Category Archives: roundabout

St. James Park Where Kids Play with their Food

Our trek starts at the Corso Italiano on St. Clair West. By foot, streetcar and subway we hop, skip and jump cross-town to St. James Park. It’s downtown Toronto just a few blocks east of Yonge Street and a nudge north of St. Lawrence Market and the Gardiner Expressway’s endless dump of traffic into the city’s core.

It’s hot – the still, heavy air is withering but it doesn’t dampen our anticipation. Behind orange barricades, my daughter Nellie-Rose and I eyeball the new playscape still under construction.

Alex Waffle from Earthscape brings us in behind the fencing. After donning our hardhats, we waste no time. Nellie dives right into play-test mode.  I try and keep up with her while shooting a few frames. A massive, empty cake cone plonked on its side invites discovery. In front of it, melting mounds of oozing chocolate, pistachio and vanilla ice cream.

Nellie-Rose sproings from pistachio to chocolate at St. James Park, Toronto

All food related elements are mega-mega. Asparagus stalks like towering totems with tips that look ready to munch serve as supports for staggered balance beams on varying inclines. The scale of it all. How many adventurous sprites will try and shinny to the top?

Alex Waffle, landscape architect and our Most Valuable Tour Guide

Stretch carrots form a tip to tip ‘V’ hugging the ground ready to be scampered across, emphasizing that vitamin A’s veggie queen can help keep kids sharp and healthy in more ways than one.

Carrots, good for the eyes and for getting some great air

It’s produce from the tables of giants, the kind that Jack would bring back down from his Beanstalk adventures, or that Sophie’s Big Friendly Giant might add to a pot of stew.

Stacked crates with stenciled markings dwarf us of mere human size. The crates anchor a slide and a rope bridge. On this visit, prior to the public opening, access is blocked but there is the promise of fresh berries.

On this day, still a little prep work to do on the crates and slide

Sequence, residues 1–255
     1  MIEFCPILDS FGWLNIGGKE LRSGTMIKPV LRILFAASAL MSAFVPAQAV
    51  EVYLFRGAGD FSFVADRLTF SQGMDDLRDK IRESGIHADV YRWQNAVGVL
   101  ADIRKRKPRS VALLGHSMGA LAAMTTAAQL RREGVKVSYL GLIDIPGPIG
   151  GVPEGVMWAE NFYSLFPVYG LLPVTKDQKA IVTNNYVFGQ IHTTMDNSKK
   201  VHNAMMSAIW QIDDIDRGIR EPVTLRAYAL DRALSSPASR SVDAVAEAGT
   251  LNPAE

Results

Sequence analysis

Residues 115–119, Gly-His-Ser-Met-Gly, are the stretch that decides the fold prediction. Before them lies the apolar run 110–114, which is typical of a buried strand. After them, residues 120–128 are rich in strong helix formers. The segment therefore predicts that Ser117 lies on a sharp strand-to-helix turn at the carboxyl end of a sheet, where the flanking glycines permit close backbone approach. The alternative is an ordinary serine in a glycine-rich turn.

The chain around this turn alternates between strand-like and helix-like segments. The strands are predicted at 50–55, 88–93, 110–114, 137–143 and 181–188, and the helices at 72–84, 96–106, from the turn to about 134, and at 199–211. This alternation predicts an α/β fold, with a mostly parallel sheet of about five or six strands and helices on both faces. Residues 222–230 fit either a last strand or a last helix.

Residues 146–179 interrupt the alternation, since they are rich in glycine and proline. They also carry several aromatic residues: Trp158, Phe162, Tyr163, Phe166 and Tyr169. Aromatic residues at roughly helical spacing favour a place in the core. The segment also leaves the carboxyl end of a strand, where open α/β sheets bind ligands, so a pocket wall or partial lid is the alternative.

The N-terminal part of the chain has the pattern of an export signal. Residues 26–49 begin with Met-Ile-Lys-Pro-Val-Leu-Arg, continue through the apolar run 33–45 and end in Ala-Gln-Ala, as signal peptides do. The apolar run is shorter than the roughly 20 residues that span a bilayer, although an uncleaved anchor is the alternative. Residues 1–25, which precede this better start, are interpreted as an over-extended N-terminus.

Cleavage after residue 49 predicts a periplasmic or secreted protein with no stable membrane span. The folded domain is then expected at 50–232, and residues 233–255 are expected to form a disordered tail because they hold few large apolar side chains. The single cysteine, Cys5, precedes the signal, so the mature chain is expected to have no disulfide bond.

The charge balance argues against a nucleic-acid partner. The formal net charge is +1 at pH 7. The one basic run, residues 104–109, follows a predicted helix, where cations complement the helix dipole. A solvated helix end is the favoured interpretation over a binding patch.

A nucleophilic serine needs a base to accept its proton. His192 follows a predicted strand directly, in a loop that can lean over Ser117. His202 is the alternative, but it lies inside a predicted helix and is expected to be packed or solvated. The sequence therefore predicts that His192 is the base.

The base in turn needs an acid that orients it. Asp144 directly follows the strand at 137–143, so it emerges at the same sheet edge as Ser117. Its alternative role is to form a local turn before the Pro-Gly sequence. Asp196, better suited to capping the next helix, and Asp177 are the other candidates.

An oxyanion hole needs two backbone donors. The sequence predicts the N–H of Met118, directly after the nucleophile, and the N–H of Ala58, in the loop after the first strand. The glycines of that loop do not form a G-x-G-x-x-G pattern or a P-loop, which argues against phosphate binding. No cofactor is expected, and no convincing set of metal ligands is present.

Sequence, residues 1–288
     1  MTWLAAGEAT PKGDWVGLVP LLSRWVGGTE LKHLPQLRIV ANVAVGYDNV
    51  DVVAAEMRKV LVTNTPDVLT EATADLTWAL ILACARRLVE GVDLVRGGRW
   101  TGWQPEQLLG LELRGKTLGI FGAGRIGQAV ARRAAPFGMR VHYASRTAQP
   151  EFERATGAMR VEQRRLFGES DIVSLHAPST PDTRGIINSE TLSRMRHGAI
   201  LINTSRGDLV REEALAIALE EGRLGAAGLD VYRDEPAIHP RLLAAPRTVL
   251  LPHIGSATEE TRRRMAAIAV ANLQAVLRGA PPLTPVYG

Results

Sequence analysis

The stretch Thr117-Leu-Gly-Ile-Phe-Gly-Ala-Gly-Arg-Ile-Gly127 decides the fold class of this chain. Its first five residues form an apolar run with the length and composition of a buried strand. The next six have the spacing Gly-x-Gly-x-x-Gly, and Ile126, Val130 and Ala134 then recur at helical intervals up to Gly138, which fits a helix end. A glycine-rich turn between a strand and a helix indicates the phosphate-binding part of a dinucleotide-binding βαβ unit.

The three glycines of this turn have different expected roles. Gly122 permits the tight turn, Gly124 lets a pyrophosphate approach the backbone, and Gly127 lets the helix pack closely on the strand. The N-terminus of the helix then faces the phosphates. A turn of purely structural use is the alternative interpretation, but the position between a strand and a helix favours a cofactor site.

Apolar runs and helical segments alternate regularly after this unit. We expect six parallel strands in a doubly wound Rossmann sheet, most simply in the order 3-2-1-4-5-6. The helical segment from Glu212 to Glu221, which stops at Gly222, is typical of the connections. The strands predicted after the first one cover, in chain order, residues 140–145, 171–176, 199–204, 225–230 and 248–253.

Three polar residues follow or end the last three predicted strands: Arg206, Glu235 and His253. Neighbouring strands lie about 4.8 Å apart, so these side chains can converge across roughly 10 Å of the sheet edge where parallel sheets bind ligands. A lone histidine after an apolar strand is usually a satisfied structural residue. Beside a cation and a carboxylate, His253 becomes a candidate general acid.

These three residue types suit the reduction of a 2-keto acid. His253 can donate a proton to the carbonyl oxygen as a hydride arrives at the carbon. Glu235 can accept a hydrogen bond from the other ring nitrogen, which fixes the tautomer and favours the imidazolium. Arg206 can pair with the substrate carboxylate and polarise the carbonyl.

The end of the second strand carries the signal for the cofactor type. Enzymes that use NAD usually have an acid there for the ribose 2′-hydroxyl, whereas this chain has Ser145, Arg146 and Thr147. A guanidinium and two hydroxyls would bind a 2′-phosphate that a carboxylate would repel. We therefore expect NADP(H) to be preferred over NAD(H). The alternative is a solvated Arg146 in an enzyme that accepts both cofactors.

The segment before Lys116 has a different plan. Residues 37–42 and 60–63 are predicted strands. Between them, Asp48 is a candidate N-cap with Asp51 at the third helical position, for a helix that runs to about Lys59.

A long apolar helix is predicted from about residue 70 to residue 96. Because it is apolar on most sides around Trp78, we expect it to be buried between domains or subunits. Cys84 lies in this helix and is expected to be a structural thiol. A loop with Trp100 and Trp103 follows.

At the rope bridge’s other terminus is a shelter proclaiming ‘FISH’ sporting a double side-by-side slide. Fish are attached to the shelter’s vertical columns serving as decoration and a climbing aid. Beveled tails allow for little fingers to get in behind, grab on tight and pull up.

Bevel-tailed fish provide little hands a purchase to help them climb

Just beyond the fish monger, weathered pilings evoke the old piers and docklands where some of the St. Lawrence Market goods arrived by lake in earlier times. Ladies and gentlemen, another play zone where Nellie is only too happy to let loose.

Round and round….

Doffing her cool yet constraining construction helmet, Nellie limbers up with 360° rolls on the bar – round and round, over and under, one big shock of hair nearly sweeping the ground. I’m starting to get dizzy watching her. Her upper body strength and sense of balance developed at circus school give her confidence making it all look easy.

…almost touching ground

The bars and the ice cream bounce are at the top of Nellie’s list of highlights but we aren’t able to give everything a whirl as the playscape is not yet at 100% completion. There, in the near distance still not quite ready to zip is something we’d both like to put through its paces.

Spin, spin, spinny

The roundabout brings a smile. In our Nova Scotia home – and many other parts of North America – the once common roundabout , or merry-go-round – is on the endangered list. Most of them have been hauled out of their native playground habitat as a misguided safety measure. We’ll be back to ride this eight station g-force popper on a subsequent TO visit. I can almost feel the sweet dizziness of it now.

Hats off to the municipality for giving the green light to this virtuous circle of spin and to Earthscape for a deft design touch. Kids, hold on and get acquainted with the wheel of fun.